Blister Care: What Should You Know?

Hand and Feet Blister Care

What are they?

Blister care is derived from understanding what blisters are. Blisters are sacks of fluid that appear on the outermost layer of skin after an area of skin becomes damaged. This fluid sack contains a clear liquid called serum which is blood plasma with the red blood cells removed. If the blister appears to be bloody, the red blood cells may not have been removed. If the blister becomes infected or inflamed its contents may contain pus.

These blisters can appear any where on the body yet they appear most commonly on areas of high friction. The hands and feet are the most common areas. Especially on the soles of the feet and on the palms of the hands where thick skin is tightly connected to the underlying structures.


Friction/Rubbing is the main reason for hand and feet blisters. Constant rubbing against another object such as shoes may cause damage to your skin. In this case, a blister will form to protect the skin from becoming further damaged.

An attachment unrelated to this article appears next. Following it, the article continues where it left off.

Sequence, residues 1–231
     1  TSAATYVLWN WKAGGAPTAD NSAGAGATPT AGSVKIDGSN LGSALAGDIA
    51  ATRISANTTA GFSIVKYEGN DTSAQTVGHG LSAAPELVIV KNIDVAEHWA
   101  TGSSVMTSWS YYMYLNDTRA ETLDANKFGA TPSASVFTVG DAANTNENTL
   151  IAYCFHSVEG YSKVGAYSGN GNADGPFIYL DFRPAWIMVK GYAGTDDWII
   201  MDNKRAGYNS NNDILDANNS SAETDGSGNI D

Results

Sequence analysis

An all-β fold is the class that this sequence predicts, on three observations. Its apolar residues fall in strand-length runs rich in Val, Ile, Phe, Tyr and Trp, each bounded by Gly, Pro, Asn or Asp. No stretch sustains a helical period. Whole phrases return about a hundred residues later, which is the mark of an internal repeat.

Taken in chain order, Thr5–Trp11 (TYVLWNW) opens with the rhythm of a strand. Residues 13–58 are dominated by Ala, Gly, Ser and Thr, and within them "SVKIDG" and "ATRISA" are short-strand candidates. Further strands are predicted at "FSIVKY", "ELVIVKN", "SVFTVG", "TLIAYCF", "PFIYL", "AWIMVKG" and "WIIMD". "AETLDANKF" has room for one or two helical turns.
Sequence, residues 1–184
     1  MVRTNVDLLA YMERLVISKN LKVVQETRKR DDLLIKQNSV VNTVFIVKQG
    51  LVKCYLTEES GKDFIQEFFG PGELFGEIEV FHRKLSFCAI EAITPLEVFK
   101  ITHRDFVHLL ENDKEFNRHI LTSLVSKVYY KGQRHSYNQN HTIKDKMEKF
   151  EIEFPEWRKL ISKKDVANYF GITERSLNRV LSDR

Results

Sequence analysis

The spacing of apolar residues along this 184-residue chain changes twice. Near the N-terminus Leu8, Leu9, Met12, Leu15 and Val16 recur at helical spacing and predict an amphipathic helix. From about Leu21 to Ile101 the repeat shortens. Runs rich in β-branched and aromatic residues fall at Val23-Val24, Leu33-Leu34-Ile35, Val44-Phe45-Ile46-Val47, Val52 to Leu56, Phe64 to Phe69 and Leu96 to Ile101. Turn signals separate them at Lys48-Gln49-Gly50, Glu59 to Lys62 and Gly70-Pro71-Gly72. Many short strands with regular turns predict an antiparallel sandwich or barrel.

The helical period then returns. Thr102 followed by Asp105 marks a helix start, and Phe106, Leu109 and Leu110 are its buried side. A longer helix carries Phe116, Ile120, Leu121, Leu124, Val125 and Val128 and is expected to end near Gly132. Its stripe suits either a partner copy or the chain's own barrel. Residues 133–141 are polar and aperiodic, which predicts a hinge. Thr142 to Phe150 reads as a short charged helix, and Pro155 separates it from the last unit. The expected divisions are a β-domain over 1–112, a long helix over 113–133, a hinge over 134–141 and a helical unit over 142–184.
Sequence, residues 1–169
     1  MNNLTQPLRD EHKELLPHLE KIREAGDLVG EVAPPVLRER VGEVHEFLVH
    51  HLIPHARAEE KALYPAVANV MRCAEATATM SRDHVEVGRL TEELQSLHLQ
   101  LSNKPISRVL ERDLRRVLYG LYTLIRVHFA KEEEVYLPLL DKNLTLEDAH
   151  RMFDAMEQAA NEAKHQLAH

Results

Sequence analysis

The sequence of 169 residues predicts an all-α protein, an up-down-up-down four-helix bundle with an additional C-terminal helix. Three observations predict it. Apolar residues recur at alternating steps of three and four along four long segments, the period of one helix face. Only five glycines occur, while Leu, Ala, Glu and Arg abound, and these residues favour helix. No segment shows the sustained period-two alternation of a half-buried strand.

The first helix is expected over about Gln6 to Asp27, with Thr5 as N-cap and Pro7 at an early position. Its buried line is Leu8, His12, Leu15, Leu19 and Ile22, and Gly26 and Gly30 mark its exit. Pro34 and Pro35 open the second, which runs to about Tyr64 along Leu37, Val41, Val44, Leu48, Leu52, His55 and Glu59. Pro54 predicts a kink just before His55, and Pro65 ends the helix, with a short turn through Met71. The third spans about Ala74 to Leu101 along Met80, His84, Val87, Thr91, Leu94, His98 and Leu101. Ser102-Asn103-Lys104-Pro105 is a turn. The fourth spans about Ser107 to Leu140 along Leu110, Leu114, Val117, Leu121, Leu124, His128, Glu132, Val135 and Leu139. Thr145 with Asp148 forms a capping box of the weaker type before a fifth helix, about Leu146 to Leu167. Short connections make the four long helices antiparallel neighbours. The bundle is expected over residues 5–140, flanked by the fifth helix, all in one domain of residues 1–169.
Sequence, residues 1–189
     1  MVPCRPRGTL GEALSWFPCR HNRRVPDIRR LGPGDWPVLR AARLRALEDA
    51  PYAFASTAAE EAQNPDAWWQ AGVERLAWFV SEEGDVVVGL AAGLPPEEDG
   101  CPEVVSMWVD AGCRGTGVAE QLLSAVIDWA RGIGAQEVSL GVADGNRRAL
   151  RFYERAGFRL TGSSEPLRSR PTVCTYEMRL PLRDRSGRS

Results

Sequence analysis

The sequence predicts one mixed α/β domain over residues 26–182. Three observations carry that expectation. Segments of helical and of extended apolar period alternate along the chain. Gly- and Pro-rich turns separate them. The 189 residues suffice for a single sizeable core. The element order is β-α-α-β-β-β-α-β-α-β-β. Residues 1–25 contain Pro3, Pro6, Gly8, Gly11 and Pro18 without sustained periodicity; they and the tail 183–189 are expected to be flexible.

Blister care is dependent on covering the wound. If your blister is not terribly painful, do not pop it. Cover it with gauze or apply an ice pack to relieve some of the pain. If the blister has already popped, do not peel off the excess skin. Cover the damaged area with a dry bandage. You can even use over the counter Hydrocolloid dressings. In both cases, blister care can be done at home. After a few days the blister should heal on its own.

Blister Care for Burns


Blisters can form not only from friction but as a result of a burn as well. Heat or chemicals may cause any part of the body to blister. 1st degree burns may result in blisters after the fact; however, 2nd degree burns will produce blisters immediately. Similar to friction blisters, these blisters are there to protect damaged skin. Burn blisters may also appear after chemical burns; this is called contact dermatitis.

Treatment: Blister Care

Blister care for burn blisters is very similar to hand and feet blisters. Apply a clean bandage and reapply often. If the bandage is stuck to the burn, soak it in warm water to make the bandage easier to remove. Apply a burn cream to prevent infection. If the burn is severe, see your doctor for further guidance.

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